Opinion

Joaquin Castro Invites Harassment of His Own Constituents For Their Support of President Trump

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Posted: Aug 09, 2019 12:01 AM
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Joaquin Castro Invites Harassment of His Own Constituents For Their Support of President Trump

Source: AP Photo/Alex Brandon

The Democrats’ all-consuming hatred of President Trump leads to some serious lapses in judgment. They don’t even seem to mind if their own constituents become collateral damage in their scorched-earth campaign to take down the President. Democrats are now employing a tactic of “naming and shaming” that all Americans, including other candidates and party leaders, should condemn and disavow.

Representative Joaquin Castro — a San Antonio Democrat who also runs his twin brother Julian’s presidential campaign — deliberately put Trump supporters from his own district in harm’s way Tuesday, proving that Democrats are totally insincere when they accuse Trump of inflaming passions with his rhetoric.

In the days following the horrific mass shootings in Dayton and El Paso, emotions and tensions are understandably running high. In an effort to capitalize on this politically, Castro tweeted out a list of 44 San Antonio residents who made the maximum contribution to the Trump Campaign in 2019, including their full names and employers. Castro even singled several of them out as local business owners. By tweeting out a list of Trump donors from San Antonio, Joaquin put Julian’s already-doomed presidential aspirations above the people he was elected to represent. 

The lawmaker didn’t leave his meaning to the imagination, either, telling his followers that “their contributions are fueling a campaign of hate that labels Hispanic immigrants as ‘invaders.’” In a subsequent interview on MSNBC, Castro said his idea was to make Trump donors “think twice” about supporting the re-election of the President. This is unmistakably threatening language.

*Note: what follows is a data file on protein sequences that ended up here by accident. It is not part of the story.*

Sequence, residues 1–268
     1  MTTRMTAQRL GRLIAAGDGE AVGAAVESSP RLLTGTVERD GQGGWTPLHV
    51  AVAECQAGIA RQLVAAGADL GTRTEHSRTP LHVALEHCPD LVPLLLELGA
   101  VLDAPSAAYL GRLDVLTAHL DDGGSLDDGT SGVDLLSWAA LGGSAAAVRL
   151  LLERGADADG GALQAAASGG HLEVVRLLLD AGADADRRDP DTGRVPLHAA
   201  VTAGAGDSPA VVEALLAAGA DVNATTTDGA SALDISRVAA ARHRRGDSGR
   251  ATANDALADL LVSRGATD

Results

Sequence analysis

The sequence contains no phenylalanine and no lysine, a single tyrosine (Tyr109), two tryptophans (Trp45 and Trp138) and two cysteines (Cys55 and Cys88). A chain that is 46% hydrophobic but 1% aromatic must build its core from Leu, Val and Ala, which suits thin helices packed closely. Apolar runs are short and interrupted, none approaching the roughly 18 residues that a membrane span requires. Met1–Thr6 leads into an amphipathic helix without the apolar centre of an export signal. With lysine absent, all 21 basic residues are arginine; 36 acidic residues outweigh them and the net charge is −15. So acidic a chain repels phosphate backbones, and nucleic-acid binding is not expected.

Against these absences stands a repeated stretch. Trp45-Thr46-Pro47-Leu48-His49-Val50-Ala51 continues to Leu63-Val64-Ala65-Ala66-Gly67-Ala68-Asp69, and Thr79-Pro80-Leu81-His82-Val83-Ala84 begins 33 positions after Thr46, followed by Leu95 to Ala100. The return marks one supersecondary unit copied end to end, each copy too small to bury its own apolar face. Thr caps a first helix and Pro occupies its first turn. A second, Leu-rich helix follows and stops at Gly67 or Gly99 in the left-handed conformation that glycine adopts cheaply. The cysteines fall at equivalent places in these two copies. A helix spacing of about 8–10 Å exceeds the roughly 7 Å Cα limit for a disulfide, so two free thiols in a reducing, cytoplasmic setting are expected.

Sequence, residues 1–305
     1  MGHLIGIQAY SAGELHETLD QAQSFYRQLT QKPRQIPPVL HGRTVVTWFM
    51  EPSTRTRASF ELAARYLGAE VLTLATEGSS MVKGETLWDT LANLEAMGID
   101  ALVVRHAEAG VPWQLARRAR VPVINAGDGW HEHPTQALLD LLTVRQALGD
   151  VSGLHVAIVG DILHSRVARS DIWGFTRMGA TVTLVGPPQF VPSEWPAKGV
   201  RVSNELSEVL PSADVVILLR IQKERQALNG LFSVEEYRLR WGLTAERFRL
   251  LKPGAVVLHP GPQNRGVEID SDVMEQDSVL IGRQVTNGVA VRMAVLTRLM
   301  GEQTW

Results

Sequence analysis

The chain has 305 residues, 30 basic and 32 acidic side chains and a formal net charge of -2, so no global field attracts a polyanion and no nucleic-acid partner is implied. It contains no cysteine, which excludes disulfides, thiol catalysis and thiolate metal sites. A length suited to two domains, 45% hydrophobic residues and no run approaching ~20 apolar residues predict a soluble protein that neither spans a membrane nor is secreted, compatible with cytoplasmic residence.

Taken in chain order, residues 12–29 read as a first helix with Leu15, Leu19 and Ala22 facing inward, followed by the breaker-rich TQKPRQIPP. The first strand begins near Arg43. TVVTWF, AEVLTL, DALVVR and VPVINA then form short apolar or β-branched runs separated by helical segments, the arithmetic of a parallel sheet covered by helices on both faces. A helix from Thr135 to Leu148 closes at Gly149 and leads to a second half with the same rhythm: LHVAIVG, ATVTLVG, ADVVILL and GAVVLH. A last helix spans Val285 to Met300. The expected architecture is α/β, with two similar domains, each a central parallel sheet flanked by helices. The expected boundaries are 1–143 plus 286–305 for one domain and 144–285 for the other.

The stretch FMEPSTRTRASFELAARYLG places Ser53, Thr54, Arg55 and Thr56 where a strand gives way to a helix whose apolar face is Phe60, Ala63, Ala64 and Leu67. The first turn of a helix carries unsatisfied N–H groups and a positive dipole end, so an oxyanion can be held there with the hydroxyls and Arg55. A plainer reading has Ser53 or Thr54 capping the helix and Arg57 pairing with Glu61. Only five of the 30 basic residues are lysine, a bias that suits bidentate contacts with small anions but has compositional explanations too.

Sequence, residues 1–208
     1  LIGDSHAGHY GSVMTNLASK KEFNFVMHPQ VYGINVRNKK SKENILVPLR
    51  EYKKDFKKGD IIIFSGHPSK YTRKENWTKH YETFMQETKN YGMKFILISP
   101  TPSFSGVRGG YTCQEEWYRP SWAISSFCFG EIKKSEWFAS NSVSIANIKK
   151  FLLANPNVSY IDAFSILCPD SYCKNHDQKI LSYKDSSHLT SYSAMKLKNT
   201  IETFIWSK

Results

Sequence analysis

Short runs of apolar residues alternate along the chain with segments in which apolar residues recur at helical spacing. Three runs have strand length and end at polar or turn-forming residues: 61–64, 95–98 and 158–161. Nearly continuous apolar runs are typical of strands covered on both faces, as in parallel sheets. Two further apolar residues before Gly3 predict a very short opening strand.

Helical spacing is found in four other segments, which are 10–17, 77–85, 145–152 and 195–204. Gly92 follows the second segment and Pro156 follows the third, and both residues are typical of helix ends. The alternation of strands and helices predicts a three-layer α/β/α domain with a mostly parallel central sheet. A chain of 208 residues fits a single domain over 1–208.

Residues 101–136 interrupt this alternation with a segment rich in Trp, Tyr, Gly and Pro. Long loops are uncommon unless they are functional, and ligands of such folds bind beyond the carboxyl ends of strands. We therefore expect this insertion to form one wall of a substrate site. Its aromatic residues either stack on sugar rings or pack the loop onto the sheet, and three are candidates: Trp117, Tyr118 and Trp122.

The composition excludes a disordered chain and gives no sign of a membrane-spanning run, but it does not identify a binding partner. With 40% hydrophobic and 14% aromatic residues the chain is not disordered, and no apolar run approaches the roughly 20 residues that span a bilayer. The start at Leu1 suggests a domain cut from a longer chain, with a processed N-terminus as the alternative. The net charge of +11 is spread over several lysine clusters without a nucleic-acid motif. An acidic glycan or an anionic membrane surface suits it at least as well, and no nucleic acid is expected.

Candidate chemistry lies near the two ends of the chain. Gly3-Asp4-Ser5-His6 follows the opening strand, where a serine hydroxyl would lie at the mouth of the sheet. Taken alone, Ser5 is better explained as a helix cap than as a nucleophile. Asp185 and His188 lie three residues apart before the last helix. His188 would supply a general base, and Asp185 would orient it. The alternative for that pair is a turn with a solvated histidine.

Democrats and the mainstream media constantly obsess over the President’s “rhetoric,” as Castro himself alluded to in his tweet, yet by demonizing specific individuals, Castro went far beyond anything liberals have ever even accused Donald Trump of saying. 

The Castro campaign is unapologetic about their actions and motives, so the question must be asked: Are all of the other Democrat candidates for president comfortable with this tactic? Will DNC Chairman Tom Perez or Speaker Nancy Pelosi condemn it as unacceptably placing private citizens at risk?

Castro directly exposed fellow San Antonio residents to threats of harassment, boycotts, and violence by essentially laying the blame for the El Paso shooting at their feet. This is irresponsible, dangerous, and a dereliction of duty. Joaquin Castro shouldn’t single out and try to shame his constituents for their political affiliations; he should fight for them. The people of San Antonio deserve better from their representative in Congress.

Castro is the twin brother of San Antonio mayor and 2020 presidential candidate Julian Castro. He is also the chairman of his brother’s presidential campaign.

When I called out Castro for publishing his target list, he remained obstinate. He doesn’t seem to care that he has, at the very least, invited the harassment of law-abiding citizens and, at worst, encouraged violence. Instead, he seems proud of it. 

In contrast to Castro’s efforts to pit his own constituents against each other, President Trump has proudly defended the interests of all Americans, regardless of political party, throughout his tenure in the Oval Office. Democrats complain about the President’s use of the word “invasion” to describe the crisis at our southern border. But with over a million people projected to enter the country illegally this year, and more making their way through Mexico at any given moment, it is an accurate description of the situation. The President is the only person showing concern for American citizens who are hurt by unfettered illegal immigration. 

Unlike Castro, the President struck a chord of unity in response to the mass shootings in El Paso and Dayton, using conciliatory rhetoric to bring a broken nation together. In the wake of national tragedies such as these, we need to come together as Americans and focus on what we hold in common. President Trump has done just that, putting the interests of the nation over the partisan brawl.

Joaquin Castro took a huge political gamble in hopes of resurrecting his brother’s comatose presidential campaign, betting that hatred for President Trump runs deeper among Democrat voters than their sense of decency. The American people, though, will never tolerate such cynical partisan games. 

Tim Murtaugh is the Director of Communications for President Donald Trump’s 2020 reelection campaign